The Comeback Kid - Rhys Pugh

Picture the scene. Representing your country for the first time in the Walker Cup, live on the BBC, and your opponent goes and birdies the first five holes. Instead of waking up from a bad dream, you feel the rain start to fall and an overwhelming desire to throw the game plan out the window. Add to this the fact that you are at an age that the most stressful thing you should be doing is sitting your driving test, it says it all that Rhys Pugh walked off the 17th with a 2&1 victory.

However, Pugh is not your typical 17-year-old from the South Wales valleys. The youngest man ever to represent Wales – which he did as a 15-year-old in the 2009 Home Internationals – he brings surprisingly extensive experience to Royal Aberdeen.

“He's a great lad,” Great Britain & Ireland Captain and fellow Welshman Nigel Edwards said after the round. “And dealing with that barrage that came at him, five birdies and then Patrick chipped in for birdie on 7, but I saw Rhys come in off the 10th green, and I knew he was okay. 

“I’ve got a lot of faith in him, his ability. I’ve played foursomes with him myself for Wales, and he's got me out of trouble lots of times.”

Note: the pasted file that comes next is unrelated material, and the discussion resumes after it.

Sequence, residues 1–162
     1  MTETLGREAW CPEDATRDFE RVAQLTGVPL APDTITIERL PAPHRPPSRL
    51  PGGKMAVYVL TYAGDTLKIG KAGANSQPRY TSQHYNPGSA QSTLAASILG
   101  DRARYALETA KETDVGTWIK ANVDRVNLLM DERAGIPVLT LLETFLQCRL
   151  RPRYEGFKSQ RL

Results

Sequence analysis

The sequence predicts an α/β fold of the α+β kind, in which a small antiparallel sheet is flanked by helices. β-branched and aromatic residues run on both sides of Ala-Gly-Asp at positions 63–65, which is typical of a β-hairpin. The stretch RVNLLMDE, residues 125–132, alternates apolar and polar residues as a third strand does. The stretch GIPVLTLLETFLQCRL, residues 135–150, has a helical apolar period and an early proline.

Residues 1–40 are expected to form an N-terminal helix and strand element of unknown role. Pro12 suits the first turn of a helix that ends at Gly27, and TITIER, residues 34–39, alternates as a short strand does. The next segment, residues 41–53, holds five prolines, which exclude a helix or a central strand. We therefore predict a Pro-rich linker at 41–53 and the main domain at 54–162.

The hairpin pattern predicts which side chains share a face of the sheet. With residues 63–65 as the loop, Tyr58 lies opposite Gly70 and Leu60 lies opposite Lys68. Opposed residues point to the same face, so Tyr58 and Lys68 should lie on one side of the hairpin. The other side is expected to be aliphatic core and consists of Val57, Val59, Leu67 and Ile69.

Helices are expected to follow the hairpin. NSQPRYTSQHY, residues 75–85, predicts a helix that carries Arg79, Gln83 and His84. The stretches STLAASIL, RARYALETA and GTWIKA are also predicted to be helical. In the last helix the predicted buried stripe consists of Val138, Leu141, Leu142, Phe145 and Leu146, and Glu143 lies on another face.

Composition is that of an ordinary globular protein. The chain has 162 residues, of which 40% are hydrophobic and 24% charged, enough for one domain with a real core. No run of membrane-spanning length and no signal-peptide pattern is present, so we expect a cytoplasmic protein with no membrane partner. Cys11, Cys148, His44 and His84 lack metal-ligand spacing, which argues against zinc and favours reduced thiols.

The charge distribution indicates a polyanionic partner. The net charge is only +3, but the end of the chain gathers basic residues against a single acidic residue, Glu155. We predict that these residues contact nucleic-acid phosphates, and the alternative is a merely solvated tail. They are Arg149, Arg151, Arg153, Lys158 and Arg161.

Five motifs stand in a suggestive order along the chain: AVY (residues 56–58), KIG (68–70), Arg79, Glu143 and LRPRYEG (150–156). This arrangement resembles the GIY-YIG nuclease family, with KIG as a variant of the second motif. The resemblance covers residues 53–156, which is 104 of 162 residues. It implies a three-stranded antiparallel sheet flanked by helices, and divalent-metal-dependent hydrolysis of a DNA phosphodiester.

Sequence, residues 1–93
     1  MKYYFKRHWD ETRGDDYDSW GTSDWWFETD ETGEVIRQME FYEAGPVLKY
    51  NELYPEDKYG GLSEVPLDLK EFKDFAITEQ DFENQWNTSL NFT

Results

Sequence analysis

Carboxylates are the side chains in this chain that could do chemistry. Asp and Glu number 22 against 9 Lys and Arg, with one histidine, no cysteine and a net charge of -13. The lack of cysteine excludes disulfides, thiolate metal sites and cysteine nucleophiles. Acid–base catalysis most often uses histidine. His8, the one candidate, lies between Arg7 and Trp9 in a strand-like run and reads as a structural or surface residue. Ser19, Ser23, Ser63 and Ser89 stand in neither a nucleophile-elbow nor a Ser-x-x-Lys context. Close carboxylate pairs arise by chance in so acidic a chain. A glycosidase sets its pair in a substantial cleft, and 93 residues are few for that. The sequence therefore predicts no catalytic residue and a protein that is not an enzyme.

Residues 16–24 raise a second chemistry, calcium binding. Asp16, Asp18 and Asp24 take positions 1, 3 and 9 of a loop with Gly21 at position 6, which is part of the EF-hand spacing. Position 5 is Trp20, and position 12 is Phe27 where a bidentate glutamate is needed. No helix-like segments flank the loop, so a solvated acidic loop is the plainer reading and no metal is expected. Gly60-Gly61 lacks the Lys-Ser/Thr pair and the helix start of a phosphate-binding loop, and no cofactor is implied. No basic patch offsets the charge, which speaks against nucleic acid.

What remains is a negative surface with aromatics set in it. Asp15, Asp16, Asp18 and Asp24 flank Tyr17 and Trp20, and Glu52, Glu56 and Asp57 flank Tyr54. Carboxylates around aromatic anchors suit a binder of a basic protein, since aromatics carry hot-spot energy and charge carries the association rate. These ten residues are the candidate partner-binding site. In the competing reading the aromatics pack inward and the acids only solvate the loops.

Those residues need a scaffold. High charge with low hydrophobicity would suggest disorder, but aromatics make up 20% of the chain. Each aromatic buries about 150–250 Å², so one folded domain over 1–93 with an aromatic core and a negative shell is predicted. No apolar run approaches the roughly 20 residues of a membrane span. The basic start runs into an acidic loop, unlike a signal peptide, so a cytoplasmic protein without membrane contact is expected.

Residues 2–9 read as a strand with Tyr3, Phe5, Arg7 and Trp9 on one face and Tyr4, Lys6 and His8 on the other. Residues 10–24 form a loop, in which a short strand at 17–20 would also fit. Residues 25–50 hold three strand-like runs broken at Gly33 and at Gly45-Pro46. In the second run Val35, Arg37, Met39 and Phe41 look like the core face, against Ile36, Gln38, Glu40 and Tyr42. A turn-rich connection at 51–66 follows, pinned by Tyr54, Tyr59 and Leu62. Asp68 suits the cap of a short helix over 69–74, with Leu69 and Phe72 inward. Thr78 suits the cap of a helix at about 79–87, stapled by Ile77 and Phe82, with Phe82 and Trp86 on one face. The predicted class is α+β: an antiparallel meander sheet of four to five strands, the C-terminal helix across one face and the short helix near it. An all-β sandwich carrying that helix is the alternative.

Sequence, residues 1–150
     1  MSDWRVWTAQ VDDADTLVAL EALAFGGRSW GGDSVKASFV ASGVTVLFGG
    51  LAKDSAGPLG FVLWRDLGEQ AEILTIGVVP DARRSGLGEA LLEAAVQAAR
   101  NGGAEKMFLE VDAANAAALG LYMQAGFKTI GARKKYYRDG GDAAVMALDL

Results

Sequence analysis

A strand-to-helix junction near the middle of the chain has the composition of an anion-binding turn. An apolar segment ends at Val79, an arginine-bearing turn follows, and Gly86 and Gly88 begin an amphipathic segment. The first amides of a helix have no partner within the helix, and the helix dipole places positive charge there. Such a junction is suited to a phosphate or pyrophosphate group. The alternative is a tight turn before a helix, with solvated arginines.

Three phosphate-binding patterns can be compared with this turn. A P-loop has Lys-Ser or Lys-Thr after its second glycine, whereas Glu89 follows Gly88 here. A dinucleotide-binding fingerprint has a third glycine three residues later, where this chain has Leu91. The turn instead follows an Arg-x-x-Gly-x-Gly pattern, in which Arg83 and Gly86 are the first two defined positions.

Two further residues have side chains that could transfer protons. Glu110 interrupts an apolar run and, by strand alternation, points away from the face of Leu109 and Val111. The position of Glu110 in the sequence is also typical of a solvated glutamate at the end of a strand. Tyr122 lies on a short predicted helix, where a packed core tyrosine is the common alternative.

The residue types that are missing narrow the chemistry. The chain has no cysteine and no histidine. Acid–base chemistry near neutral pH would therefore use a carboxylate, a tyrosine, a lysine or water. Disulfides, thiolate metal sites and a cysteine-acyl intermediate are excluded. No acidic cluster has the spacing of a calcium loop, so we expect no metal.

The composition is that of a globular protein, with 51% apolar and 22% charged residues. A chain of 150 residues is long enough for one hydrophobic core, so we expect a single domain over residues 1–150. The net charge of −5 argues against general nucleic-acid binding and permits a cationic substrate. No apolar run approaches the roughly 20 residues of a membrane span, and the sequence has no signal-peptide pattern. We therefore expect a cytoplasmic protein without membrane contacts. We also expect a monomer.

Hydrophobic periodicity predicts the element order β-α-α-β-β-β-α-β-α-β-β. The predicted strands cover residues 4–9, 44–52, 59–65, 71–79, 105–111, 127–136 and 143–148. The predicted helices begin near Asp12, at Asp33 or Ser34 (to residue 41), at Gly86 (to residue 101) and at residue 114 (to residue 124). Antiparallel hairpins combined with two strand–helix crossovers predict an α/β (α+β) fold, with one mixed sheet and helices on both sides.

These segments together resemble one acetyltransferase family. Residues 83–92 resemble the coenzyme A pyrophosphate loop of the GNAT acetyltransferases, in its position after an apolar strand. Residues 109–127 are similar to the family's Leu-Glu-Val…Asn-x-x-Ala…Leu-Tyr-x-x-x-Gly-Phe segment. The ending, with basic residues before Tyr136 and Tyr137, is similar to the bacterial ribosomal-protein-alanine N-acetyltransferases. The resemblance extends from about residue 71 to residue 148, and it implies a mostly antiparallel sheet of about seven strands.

Ask the man himself and he’ll explain how he stuck to the task with the simplicity of a master of his art.

“A fabulous match. It felt like a bit of a dream,” the Welsh Amateur finalist explained.

“It was probably the best I’ve ever seen on those first five holes to be honest, on this course. But I just stayed patient. I know the back nine is tough into the wind so I thought, just keep going. I just stuck to my game plan and played one shot at a time.”

One look at Pugh’s swing and it’s clear that he is no stranger to playing in the wind and rain. Playing out of the Vale of Glamorgan, he has been a regular on the amateur scene for a relatively long time, gaining experience on many of the great links courses. He’s also played under pressure before and made it through the other side, beating St Andrews-based Gordon Stevens by a convincing four strokes in a three-hole play-off to win the Irish Amateur Open at Royal Dublin.

A man of few words, it was telling how his captain knew that Pugh was fine when he saw him at the 10th green this afternoon.

“Because he's Rhys Pugh,” he explained. 

“I just said to him, "Are you okay? And he said, "Yeah, fine." It's difficult with Rhys because he does that all the time.  He's very mature for 17.  He knows how to get his golf ball around the golf course and he's very patient.  He's a great lad.”

Whatever happens tomorrow Pugh has already announced himself to the Americans, who will get to know him a whole lot more when he starts teeing it up against them every week at East Tennessee State University very soon.